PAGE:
[tor-relays] Reminder: exit nodes probably shouldn't be using Google's DNS servers

eric gisse jowr.pi at gmail.com
Fri Jan 9 00:20:42 UTC 2015

That was my bug report, thanks for the quick turnaround on that one :3

My problem was that my infrastructure, including that tor exit node,
is puppetized. But a problem with that resulted in dhcp  blitzing
/etc/resolv.conf and I kept putting in google dns out of sheer muscle
memory and I simply forgot to put it back.

It is pretty easy. This is the relevant configuration snippet from my
puppet manifest:

  # setup internal DNS cache / resolver

  include bind
  bind::server::conf { '/etc/bind/named.conf':
        directory               => '/etc/bind',
        listen_on_addr          => [ 'any' ],
        listen_on_v6_addr       => [ 'any' ],
        forwarders              => [ '2001:4860:4860::8844',
'2001:1608:10:25::1c04:b12f', '2600::1' ],
        allow_query             => [ 'any' ],
        statistics_file         => '/etc/bind/named.stats',
        recursion               => 'yes',
        extra_options           => {
                'forward'               => 'only',
                'auth-nxdomain'         => 'no',

+ some other symlinks to account for the fact this isn't a RHEL box
like the module implicitly assumes.

I even have DNSSEC query validation setup, as the forwarders seem to support it.

Now I have named caching again. For those who are unclear, it helps a
LOT. From rndc stats:

++ Cache Statistics ++
[View: default]
            53446329 cache hits
             5246190 cache misses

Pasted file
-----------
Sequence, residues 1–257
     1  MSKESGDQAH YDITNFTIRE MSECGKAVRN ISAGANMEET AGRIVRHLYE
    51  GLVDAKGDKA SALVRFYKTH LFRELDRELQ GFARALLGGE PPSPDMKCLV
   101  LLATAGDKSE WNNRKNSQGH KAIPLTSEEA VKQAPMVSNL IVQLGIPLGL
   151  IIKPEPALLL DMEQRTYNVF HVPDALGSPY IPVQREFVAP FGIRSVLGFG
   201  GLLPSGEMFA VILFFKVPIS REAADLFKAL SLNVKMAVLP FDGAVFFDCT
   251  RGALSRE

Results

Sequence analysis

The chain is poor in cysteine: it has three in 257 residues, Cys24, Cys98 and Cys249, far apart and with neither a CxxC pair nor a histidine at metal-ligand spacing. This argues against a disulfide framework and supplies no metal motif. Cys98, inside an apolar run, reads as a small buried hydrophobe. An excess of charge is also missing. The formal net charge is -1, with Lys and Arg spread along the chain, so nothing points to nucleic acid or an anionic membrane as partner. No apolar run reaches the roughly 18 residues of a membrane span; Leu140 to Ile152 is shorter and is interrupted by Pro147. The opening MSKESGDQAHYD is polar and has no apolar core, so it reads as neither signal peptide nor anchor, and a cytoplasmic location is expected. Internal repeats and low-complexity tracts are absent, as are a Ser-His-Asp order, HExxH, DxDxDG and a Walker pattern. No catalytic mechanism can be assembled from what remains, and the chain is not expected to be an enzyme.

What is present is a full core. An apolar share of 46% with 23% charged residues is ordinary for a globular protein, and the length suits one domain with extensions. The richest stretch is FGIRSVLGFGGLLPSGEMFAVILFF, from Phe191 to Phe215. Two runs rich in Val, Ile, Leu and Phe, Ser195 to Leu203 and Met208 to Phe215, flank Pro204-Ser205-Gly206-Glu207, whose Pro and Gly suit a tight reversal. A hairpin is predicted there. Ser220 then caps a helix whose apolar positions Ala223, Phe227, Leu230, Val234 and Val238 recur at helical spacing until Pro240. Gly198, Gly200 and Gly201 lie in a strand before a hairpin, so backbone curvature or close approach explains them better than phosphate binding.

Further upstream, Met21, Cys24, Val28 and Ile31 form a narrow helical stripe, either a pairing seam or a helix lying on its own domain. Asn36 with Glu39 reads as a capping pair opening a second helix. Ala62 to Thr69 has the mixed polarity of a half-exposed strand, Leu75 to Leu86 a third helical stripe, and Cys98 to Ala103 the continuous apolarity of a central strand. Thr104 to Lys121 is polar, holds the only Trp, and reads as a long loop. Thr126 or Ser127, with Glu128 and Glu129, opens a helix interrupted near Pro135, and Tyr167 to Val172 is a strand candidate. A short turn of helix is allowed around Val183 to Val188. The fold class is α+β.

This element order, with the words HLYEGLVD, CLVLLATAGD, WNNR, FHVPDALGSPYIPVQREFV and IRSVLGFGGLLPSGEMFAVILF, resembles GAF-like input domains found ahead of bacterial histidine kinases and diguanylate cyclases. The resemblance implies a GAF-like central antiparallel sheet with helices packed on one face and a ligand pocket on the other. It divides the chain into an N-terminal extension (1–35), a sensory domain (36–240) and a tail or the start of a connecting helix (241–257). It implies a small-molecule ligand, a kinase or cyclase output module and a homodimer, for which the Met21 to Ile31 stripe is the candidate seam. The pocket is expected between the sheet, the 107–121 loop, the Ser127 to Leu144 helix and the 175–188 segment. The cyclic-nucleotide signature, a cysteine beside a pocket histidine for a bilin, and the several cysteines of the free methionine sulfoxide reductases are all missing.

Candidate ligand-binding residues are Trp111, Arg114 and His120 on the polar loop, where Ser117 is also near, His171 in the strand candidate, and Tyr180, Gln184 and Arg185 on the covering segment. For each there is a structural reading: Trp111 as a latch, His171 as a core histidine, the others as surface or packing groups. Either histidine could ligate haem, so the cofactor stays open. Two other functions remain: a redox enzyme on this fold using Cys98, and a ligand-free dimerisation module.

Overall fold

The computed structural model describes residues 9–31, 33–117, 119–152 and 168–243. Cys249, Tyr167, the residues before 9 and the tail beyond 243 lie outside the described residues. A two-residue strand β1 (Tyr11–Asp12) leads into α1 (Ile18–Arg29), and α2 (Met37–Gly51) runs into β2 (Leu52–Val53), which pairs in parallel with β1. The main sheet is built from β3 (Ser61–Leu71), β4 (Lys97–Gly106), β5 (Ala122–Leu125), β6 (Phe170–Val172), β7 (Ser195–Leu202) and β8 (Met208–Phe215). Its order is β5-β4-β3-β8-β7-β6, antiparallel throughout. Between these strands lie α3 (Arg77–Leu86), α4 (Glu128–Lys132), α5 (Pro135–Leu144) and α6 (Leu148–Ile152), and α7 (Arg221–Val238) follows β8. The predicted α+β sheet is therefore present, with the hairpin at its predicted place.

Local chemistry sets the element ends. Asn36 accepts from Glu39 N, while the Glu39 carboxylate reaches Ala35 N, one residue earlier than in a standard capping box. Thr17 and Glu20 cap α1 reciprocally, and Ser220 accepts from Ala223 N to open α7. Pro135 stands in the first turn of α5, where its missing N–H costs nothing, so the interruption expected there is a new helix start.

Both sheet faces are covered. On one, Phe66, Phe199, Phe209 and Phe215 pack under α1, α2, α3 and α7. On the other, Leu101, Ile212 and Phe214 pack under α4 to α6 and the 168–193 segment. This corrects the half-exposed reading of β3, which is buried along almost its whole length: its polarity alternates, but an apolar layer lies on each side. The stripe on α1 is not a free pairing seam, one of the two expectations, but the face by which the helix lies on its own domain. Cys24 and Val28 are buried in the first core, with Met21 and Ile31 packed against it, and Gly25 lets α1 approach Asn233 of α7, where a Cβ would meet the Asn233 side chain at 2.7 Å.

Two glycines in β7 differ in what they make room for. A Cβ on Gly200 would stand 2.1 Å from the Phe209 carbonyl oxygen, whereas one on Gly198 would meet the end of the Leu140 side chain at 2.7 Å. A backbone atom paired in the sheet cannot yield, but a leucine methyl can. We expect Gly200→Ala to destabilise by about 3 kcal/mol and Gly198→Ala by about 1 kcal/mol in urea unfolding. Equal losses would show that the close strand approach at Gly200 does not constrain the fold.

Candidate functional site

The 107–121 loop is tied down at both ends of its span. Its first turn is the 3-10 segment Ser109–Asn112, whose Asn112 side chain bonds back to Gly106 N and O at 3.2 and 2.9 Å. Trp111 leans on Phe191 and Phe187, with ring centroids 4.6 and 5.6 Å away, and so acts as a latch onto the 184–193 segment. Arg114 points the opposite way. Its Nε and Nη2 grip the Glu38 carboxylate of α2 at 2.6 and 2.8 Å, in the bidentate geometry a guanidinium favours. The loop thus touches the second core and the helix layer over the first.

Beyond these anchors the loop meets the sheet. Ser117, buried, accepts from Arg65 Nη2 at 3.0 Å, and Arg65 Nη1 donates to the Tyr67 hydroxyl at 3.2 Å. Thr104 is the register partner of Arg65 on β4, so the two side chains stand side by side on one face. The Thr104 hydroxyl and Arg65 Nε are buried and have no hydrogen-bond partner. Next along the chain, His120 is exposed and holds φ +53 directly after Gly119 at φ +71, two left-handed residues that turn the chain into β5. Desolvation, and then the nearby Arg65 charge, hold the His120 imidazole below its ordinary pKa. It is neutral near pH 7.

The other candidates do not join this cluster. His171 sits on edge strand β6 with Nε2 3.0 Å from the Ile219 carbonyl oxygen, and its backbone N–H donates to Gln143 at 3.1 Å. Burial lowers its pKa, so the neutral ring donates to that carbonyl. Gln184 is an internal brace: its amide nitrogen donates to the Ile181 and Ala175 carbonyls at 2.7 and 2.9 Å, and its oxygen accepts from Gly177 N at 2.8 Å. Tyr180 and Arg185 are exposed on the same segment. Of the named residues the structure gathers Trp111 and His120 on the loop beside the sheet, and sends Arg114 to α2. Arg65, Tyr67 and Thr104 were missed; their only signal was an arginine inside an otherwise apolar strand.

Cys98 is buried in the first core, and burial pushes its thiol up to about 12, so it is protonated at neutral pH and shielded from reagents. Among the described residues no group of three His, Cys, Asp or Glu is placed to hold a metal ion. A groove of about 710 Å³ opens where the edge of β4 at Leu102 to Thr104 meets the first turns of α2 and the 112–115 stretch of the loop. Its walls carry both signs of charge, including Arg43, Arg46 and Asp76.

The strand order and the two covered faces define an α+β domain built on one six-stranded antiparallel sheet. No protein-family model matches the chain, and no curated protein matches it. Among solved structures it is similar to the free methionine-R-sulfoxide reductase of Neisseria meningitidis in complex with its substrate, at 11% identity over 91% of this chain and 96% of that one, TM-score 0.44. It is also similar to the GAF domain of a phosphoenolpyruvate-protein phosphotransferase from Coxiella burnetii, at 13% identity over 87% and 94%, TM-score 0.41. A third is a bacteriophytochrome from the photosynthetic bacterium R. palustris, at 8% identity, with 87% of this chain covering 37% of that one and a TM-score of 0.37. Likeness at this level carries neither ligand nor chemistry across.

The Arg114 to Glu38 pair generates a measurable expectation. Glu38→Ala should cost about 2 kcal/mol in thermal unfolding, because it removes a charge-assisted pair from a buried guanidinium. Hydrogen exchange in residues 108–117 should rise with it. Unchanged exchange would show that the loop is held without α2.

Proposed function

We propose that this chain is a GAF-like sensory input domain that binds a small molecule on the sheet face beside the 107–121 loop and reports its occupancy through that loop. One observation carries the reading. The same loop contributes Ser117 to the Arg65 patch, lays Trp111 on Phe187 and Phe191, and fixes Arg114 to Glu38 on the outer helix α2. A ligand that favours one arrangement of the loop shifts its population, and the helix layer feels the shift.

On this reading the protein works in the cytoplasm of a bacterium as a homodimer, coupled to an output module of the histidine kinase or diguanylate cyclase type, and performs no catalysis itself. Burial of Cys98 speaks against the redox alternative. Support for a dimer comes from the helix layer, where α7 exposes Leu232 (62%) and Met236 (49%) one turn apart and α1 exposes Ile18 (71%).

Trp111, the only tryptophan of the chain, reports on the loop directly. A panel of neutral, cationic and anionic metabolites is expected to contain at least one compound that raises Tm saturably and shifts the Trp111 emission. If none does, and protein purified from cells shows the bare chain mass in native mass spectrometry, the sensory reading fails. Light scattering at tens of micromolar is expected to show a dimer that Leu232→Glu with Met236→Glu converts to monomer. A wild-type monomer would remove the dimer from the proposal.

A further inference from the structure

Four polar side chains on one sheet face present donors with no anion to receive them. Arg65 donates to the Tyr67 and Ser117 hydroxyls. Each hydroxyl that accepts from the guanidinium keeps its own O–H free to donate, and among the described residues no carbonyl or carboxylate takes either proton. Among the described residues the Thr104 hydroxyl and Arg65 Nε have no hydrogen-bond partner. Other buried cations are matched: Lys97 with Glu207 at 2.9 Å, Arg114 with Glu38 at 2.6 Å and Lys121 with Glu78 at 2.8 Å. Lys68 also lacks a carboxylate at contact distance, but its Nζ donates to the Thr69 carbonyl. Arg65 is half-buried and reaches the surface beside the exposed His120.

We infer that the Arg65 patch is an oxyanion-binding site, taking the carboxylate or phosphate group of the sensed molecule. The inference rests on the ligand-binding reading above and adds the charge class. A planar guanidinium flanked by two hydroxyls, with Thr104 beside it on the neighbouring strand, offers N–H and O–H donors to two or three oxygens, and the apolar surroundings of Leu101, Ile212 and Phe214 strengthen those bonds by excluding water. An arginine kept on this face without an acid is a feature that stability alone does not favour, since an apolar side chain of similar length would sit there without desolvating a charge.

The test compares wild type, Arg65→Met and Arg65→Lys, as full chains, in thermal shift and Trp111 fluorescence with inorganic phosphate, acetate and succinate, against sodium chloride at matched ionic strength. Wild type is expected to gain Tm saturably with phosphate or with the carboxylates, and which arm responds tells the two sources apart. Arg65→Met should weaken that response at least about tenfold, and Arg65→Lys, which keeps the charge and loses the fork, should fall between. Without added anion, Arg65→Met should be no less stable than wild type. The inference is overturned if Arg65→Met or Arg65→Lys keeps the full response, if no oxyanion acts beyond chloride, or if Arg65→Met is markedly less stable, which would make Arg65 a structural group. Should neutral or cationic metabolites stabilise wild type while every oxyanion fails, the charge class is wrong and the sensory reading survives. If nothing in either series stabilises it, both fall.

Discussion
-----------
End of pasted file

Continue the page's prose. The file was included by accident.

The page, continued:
15049168 cache hits (from query)
             3044495 cache misses (from query)

The exit node in question sits between 10 and 20mb/s continuously, and
goes through a crazy amount of traffic. Something like 50T last month.

I even threw on a squid proxy on regular http and that's caching
something like 5-10% of all requests and overall http bandwidth.

Where it gets interesting is now that I've moved all of my DNS traffic
into a native ipv6 stack (outside of v4 local queries), I can say that
all the udp traffic I get is not legitimate/requested.

Which is looking to be a lot of traffic.

I got dinged with a nice udp DDoS the other day, and now its' even
more clear about what traffic is bad on tcpdump.

On Thu, Jan 8, 2015 at 9:04 AM, Nick Mathewson <nickm at freehaven.net> wrote:
> Hi, all!
> While looking into a bug report, I noticed that an exit node was using
> one of Google's well-known public DNS servers for its own DNS server.
> No disrespect to the operators of Google's fine public DNS service,
> but my sense is that using it for a Tor exit node might not be the
> greatest idea for users' privacy, having one DNS provider that gets to
> see so many requests.  It's probably a better idea to have your own
> local cacheing DNS server.
> Would anybody like to share a guide about how to set one of those up
> safely and migrate correctly?
> best wishes,
> --
> Nick
> _______________________________________________
> tor-relays mailing list
> tor-relays at lists.torproject.org
> https://lists.torproject.org/cgi-bin/mailman/listinfo/tor-relays

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